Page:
Walter Benjamin

9780804780599: Hardback
Release Date: 9th January 2013

9780804780605: Paperback
Release Date: 9th January 2013

Dimensions: 152 x 229

Number of Pages: 320

Edition: 1st Edition

Series Cultural Memory in the Present

Stanford University Press

Walter Benjamin

Images, the Creaturely, and the Holy

Written by
Sigrid Weigel
,
Translated by
Chadwick Truscott Smith
Hardback / £86.00
Paperback / £22.99

Arguing that the importance of painting and other visual art for Benjamin's epistemology has yet to be appreciated, Weigel undertakes the first systematic analysis of their significance to his thought. She does so by exploring Benjamin's dialectics of secularization, an approach that allows Benjamin to explore the simultaneous distance from and orientation towards revelation and to deal with the difference and tensions between religious and profane ideas. In the process, Weigel identifies the double reference of 'life' to both nature and to a 'supernatural' sphere as a guiding concept of Benjamin's writings. Sensitive to the notorious difficulty of translating his language, she underscores just how much is lost in translation, particularly with regard to religious connotations. The book thus positions Benjamin with respect to the other European thinkers at the heart of current discussions of sovereignty and martyrdom, of holy and creaturely life. It corrects misreadings, including Agamben's staging of an affinity between Benjamin and Schmitt, and argues for the closeness of Benjamin's work to that of Aby Warburg, with whom Benjamin unsuccessfully attempted an intellectual exchange.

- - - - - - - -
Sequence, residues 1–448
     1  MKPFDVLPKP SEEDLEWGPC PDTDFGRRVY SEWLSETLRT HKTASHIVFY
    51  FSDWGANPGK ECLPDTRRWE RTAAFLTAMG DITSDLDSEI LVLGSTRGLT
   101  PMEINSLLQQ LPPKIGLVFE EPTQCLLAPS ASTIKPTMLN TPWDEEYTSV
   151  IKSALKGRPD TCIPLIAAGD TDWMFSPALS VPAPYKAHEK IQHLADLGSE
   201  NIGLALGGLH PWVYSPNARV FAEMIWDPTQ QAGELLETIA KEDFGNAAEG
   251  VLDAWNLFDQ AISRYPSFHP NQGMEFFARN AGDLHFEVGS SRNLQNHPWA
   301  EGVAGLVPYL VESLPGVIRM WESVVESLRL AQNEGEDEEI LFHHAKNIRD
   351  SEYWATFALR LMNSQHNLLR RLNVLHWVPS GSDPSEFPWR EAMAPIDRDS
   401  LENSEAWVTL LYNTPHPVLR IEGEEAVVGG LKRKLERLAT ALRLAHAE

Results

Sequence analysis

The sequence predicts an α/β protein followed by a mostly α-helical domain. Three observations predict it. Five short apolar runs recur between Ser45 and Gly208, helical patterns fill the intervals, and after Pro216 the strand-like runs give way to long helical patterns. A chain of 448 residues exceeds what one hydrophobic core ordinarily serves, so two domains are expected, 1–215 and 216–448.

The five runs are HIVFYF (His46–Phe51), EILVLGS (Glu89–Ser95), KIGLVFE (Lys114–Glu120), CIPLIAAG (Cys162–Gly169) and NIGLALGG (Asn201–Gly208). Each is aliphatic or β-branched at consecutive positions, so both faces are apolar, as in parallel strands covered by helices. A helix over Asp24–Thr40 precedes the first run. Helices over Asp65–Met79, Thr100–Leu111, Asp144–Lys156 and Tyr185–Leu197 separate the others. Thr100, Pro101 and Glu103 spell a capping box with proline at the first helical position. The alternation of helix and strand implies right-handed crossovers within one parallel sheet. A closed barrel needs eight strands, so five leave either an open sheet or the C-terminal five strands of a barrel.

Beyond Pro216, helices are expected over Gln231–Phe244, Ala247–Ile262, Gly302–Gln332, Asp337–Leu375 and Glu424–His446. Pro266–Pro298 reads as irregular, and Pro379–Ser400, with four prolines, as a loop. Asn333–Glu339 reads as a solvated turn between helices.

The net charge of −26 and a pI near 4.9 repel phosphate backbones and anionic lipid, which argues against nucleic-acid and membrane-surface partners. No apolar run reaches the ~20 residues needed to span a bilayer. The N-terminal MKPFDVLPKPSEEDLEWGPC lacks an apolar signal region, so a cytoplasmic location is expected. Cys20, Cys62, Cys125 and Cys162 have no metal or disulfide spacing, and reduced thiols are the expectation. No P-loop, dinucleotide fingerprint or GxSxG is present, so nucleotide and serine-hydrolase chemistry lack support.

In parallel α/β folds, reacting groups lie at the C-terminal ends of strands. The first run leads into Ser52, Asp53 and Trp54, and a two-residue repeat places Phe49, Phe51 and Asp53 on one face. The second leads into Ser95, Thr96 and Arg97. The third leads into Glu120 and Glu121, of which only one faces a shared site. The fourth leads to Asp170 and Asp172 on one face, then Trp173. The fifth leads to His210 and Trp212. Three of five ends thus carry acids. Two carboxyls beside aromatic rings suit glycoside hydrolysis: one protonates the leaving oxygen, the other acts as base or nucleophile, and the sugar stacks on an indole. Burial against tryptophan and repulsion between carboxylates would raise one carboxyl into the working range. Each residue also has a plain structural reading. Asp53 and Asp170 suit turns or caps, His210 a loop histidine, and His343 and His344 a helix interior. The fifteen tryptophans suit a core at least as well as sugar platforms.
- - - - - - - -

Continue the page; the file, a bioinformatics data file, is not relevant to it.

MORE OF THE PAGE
Sigrid Weigel is Director of the Center for Literary and Cultural Research in Berlin.

"Weigel's readings, which are steeped in philological detail and hermeneutic insight, brilliantly exhibit the stakes involved in approaching Benjamin's work anew. Her impeccable sense for intertextual trajectories coupled with broad erudition not only results in sophisticated exegeses, but also amply demonstrate the continued if not urgent relevance of Benjamin's interventions for our current intellectual and cultural concerns."

John T. Hamilton

"Weigel (director, Center for Literary and Cultural Research, Berlin) offers a meticulous exploration of the German writer Walter Benjamin's take on creaturely existence, law, sovereignty, secularization and holiness, language, and art."

M. V. Marder
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